Diagnosing Sarcoidosis

Sarcoidosis is caused by chronic and systemic inflammation resulting in the accumulation of small clumps of immune cells called granulomas in several organs.

Diagnosing the disease can be challenging because sarcoidosis’ symptoms vary greatly. Early symptoms are also shared with a number of other disorders, and a diagnostic test able to distinguish sarcoidosis from them does not yet exist. For these reasons, several tests are needed to help physicians exclude other conditions and reach an accurate diagnosis.

Physical examination and medical history

During a physical exam, physicians listen to a patient’s lungs and heart, examine the lymph nodes for swelling, and check for any skin lesions. They may also inquire about complaints such as fever, cough, weight loss, and shortness of breath.

A detailed sharing of your or the patient’s medical history with the physician regarding infections, and certain occupational and environmental exposures also plays an important role in the diagnostic process.

If the physical exam and medical history raises suspicions of sarcoidosis, a differential diagnosis is necessary to help rule out other possibilities. If this also indicates sarcoidosis as a possibility, further testing is needed for confirmation.

Laboratory tests

Although not definitive, minimally invasive blood and urine tests are a useful first step in diagnosing sarcoidosis, and in ruling out other disorders.

Blood tests measure the number of immune cells and certain proteins to assess the level of inflammation in the body. High levels of these markers may indicate an inflammatory condition, such as sarcoidosis.

Blood and urine samples can also detect changes in levels of such molecules as angiotensin-converting enzyme, which is excessively produced by granulomas; alkaline phosphatase, which signals abnormal liver activity; and calcium and creatinine, which indicate poor kidney function.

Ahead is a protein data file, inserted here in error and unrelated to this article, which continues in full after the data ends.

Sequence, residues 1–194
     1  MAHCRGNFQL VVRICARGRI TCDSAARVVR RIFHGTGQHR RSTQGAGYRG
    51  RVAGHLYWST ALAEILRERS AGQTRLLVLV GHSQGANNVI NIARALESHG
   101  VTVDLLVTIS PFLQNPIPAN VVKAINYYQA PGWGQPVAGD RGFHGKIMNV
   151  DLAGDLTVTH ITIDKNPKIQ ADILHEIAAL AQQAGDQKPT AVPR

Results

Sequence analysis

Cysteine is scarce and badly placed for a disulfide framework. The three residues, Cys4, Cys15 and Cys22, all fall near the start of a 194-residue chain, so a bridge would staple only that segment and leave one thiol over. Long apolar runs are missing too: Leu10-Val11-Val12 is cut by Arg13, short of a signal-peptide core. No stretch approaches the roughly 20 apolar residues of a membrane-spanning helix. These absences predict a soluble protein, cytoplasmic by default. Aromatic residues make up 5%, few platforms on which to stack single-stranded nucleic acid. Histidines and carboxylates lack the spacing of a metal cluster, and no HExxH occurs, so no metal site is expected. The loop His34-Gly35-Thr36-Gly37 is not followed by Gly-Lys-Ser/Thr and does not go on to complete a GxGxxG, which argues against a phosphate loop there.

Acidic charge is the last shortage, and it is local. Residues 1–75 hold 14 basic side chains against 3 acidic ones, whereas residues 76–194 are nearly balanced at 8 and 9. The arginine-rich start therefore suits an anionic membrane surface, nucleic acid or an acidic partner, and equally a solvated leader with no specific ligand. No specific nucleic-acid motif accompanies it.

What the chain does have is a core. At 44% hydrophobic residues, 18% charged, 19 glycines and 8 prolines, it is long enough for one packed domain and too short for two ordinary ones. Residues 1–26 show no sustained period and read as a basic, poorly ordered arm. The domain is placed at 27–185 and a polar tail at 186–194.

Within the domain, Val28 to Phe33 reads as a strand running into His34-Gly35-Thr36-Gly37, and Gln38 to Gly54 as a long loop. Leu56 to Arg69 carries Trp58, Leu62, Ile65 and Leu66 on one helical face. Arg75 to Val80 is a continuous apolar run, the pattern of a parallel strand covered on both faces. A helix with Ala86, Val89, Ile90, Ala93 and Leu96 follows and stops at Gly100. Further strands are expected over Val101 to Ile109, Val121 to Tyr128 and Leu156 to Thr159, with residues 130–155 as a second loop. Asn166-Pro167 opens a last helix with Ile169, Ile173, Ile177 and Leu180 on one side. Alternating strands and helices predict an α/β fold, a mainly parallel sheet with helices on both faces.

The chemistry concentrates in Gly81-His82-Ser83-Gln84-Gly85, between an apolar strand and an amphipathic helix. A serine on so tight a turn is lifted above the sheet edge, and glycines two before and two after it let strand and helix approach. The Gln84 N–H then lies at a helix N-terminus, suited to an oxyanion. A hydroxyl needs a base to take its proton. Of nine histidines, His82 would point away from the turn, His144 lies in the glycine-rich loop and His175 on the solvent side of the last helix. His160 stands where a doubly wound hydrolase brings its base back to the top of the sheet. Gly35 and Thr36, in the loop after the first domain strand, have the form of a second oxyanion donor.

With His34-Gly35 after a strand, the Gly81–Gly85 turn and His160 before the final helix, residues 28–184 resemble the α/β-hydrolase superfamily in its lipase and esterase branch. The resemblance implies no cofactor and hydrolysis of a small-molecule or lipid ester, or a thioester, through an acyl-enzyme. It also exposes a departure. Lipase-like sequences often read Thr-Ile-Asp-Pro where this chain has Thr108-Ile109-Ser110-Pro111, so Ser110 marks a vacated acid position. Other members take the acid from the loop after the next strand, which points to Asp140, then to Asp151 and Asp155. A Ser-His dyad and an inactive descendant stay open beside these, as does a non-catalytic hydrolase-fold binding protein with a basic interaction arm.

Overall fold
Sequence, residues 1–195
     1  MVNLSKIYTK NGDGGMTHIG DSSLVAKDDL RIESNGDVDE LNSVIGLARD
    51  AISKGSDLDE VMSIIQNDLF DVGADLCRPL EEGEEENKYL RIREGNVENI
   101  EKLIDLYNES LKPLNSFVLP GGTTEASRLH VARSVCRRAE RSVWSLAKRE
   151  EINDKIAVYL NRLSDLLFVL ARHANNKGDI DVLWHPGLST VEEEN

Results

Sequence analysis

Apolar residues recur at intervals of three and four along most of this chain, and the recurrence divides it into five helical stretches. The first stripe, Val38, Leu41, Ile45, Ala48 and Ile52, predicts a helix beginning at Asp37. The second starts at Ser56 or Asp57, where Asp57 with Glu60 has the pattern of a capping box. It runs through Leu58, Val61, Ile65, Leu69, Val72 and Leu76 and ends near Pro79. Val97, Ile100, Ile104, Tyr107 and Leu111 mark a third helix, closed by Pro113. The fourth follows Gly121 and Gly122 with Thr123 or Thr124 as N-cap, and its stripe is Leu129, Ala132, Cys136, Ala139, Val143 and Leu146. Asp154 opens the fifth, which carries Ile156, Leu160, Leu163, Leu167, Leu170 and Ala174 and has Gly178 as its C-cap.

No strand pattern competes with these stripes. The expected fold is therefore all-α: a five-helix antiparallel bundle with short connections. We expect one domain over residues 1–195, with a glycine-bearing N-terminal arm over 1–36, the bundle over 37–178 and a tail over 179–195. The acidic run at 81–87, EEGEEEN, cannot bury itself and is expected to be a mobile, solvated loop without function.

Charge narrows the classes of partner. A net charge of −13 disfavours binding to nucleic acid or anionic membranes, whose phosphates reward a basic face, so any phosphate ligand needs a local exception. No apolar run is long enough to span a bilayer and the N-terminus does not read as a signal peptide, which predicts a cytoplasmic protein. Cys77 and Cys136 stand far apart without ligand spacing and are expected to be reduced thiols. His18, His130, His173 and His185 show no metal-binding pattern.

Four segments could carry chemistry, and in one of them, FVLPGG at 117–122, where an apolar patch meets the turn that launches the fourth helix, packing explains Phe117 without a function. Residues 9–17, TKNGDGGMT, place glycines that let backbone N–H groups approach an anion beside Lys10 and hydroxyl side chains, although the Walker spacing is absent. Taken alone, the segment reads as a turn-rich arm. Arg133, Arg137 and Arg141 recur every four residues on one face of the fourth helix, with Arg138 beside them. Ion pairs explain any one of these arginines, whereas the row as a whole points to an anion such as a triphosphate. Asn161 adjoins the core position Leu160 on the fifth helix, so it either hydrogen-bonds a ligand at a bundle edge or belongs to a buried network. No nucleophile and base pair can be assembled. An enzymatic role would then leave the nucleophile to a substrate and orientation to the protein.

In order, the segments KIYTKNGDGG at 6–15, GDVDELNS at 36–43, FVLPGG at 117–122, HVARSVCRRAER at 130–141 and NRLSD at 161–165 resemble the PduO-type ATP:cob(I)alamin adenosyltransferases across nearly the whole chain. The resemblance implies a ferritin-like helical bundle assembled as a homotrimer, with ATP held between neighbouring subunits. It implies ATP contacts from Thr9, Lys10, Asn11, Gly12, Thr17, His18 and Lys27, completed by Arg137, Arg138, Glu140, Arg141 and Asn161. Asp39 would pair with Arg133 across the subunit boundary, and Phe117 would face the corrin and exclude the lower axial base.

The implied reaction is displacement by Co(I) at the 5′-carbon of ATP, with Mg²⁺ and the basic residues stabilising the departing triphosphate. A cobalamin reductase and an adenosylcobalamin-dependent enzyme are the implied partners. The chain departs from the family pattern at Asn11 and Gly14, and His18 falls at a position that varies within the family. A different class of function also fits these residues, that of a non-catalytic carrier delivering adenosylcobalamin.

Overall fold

Elevated calcium levels in the blood and urine are a marker of sarcoidosis, but could also indicate diseases such as cancer or excessive vitamin D or calcium consumption.

As such, while blood and urine tests can help determine the presence of sarcoidosis, neither is sensitive enough to distinguish sarcoidosis from other disorders. To diagnose sarcoidosis with certainty, a further series of tests is likely to be requested.

Imaging scans

The lungs are the most commonly affected organ in people with sarcoidosis. A chest X-ray is used to detect problems in the lungs and surrounding areas, such as inflamed (or enlarged) lymph nodes, the presence of granulomas, or tissue scarring.

Based on how much inflammation is found in the lymph nodes and lungs, the patient is classified as having stage 1, 2, 3, or 4 pulmonary sarcoidosis.

For a more detailed visualization, the physician might prefer a CT scan of the chest. CT scans are becoming a more common diagnostic tool, and may more accurately help assign a stage to the level of pulmonary sarcoidosis in a patient.

On occasion, other imaging tests such as MRI and positron emission tomography (PET) scans may be taken to diagnose sarcoidosis, but these are more commonly used to view organs other than the lungs. Particularly, these scans can be used to assess whether there is any central nervous system, heart, or musculoskeletal involvement.